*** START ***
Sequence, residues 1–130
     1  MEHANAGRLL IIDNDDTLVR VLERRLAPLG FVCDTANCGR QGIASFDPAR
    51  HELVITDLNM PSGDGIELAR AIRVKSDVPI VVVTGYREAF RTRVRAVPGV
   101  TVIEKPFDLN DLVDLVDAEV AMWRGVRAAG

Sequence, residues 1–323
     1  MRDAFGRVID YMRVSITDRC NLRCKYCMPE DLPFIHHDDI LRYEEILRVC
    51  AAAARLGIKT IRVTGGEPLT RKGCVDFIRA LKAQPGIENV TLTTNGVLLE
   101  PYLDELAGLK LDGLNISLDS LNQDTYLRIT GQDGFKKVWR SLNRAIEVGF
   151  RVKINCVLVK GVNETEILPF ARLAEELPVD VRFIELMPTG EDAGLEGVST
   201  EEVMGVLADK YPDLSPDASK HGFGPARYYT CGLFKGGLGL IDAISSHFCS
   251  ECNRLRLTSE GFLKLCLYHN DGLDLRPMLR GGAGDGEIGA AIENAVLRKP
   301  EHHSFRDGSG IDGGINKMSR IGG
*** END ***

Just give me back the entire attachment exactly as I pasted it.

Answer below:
Sequence, residues 1–130
     1  MEHANAGRLL IIDNDDTLVR VLERRLAPLG FVCDTANCGR QGIASFDPAR
    51  HELVITDLNM PSGDGIELAR AIRVKSDVPI VVVTGYREAF RTRVRAVPGV
   101  TVIEKPFDLN DLVDLVDAEV AMWRGVRAAG

Sequence, residues 1–323
     1  MRDAFGRVID YMRVSITDRC NLRCKYCMPE DLPFIHHDDI LRYEEILRVC
    51  AAAARLGIKT IRVTGGEPLT RKGCVDFIRA LKAQPGIENV TLTTNGVLLE
   101  PYLDELAGLK LDGLNISLDS LNQDTYLRIT GQDGFKKVWR SLNRAIEVGF
   151  RVKINCVLVK GVNETEILPF ARLAEELPVD VRFIELMPTG EDAGLEGVST
   201  EEVMGVLADK YPDLSPDASK HGFGPARYYT CGLFKGGLGL IDAISSHFCS
   251  ECNRLRLTSE GFLKLCLYHN DGLDLRPMLR GGAGDGEIGA AIENAVLRKP
   301  EHHSFRDGSG IDGGINKMSR IGG